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Journal Article



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Paleontological Society Papers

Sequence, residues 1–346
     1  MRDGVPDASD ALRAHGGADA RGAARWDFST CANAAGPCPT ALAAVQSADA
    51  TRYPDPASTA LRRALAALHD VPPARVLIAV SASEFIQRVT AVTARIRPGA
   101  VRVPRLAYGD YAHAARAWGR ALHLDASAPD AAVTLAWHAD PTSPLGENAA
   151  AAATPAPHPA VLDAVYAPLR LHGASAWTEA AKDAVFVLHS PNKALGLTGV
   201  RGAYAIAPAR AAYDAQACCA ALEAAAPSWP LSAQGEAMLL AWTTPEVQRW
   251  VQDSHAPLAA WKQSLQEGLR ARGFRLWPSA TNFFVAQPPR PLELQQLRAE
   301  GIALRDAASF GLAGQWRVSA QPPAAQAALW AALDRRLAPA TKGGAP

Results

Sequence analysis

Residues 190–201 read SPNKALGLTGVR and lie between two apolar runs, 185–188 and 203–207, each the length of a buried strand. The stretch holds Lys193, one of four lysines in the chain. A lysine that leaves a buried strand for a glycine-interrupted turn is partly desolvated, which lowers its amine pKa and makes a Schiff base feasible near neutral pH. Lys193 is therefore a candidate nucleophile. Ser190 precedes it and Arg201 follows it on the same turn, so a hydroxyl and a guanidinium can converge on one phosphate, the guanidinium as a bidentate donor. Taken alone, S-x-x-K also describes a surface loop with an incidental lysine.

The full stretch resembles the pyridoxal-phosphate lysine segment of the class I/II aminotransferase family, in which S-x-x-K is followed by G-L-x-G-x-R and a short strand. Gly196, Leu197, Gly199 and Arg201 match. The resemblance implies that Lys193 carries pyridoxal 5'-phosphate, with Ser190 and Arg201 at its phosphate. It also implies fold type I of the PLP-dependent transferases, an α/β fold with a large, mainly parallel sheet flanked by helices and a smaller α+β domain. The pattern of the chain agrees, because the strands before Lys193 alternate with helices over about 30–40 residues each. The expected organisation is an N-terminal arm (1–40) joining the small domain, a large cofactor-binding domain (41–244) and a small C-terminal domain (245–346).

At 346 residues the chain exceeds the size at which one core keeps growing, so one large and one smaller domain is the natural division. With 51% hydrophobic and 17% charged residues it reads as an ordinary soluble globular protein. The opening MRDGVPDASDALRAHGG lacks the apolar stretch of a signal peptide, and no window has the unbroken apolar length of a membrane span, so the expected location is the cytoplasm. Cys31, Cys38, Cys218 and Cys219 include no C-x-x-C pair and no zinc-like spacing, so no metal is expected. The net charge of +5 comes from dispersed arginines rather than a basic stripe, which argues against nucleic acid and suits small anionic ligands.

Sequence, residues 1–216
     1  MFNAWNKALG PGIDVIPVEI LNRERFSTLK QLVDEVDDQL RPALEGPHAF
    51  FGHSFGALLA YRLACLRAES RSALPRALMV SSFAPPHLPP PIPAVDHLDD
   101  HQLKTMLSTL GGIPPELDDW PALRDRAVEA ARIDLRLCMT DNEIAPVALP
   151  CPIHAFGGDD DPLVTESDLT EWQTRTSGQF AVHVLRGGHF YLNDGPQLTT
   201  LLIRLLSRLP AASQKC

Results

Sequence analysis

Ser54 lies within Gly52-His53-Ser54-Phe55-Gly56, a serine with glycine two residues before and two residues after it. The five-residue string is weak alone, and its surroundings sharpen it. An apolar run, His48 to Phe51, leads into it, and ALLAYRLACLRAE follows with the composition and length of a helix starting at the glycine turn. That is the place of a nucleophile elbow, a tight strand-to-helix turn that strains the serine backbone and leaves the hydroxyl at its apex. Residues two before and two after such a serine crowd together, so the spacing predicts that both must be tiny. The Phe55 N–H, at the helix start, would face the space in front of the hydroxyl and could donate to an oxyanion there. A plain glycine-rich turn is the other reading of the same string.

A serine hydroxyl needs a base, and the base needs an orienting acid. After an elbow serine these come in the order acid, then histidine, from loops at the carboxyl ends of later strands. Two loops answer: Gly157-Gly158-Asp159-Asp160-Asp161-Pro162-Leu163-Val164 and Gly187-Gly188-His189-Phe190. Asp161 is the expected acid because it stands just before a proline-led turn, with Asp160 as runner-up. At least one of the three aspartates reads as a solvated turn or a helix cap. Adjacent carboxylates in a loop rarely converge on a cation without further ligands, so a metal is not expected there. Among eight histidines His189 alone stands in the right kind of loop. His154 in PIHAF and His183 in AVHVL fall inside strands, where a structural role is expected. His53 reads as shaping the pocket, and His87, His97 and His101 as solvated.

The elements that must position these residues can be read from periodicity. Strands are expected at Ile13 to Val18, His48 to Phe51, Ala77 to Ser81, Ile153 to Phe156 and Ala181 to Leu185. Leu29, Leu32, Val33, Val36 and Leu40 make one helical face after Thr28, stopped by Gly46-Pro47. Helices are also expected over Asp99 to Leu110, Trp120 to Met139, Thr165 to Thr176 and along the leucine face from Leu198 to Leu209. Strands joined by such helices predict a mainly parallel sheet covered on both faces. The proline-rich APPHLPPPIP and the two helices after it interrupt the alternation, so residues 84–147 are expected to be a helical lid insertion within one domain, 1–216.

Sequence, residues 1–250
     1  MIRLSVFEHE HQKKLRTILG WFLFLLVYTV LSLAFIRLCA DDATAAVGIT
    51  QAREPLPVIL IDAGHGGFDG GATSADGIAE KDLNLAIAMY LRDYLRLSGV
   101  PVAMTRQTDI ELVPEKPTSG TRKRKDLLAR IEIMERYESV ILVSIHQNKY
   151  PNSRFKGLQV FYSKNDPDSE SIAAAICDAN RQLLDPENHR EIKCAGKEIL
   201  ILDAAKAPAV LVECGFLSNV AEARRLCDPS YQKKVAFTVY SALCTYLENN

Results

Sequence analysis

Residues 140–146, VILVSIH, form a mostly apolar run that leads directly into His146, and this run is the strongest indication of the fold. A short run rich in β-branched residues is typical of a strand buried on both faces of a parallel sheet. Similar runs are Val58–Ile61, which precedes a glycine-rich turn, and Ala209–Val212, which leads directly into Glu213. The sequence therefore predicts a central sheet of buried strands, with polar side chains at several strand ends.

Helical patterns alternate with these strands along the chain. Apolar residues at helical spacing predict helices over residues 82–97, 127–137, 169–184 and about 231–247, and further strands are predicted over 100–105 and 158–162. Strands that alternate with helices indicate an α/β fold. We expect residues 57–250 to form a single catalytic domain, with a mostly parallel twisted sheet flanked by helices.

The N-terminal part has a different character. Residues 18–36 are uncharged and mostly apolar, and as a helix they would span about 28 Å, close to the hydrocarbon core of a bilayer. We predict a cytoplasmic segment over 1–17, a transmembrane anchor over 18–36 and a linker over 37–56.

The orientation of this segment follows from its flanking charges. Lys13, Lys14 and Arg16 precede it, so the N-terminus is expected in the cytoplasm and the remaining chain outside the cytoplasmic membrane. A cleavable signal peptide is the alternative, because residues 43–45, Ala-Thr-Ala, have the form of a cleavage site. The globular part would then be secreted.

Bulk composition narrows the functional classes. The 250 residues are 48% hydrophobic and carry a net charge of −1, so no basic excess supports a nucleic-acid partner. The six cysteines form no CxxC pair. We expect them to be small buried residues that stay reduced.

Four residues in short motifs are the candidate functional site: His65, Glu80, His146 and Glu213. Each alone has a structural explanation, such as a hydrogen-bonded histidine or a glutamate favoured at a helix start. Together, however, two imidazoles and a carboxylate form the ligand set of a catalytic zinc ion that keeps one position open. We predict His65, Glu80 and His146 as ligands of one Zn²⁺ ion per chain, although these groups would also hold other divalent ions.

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Mathematical models of fluid flow thorough plant stems permit quantitative assessment of plant ecology using anatomy alone, allowing extinct and extant plants to be measured against one another. Through this process, a series of patterns and observations about plant ecology and evolution can be made. First, many plants evolved high rates of water transport through the evolution of a diverse suite of anatomical adaptations over the last four hundred million years. Second, adaptations to increase hydraulic supply to leaves tend to precede, in evolutionary time, adaptations to increase the safety margin of plant water transport. Third, anatomical breakthroughs in water transport function tend to occur in step with ecological breakthroughs, including the appearance of leaves during the Devonian, the evolution of high leaf areas in early seed plants during the Carboniferous, and the early radiation of flowering plants during the Cretaceous. Quantitative assessment of plant function not only opens up the plant fossil record to ecological comparison, but also provides data that can be used to model fluxes and dynamics of past ecosystems that are rooted in individual plant anatomy.



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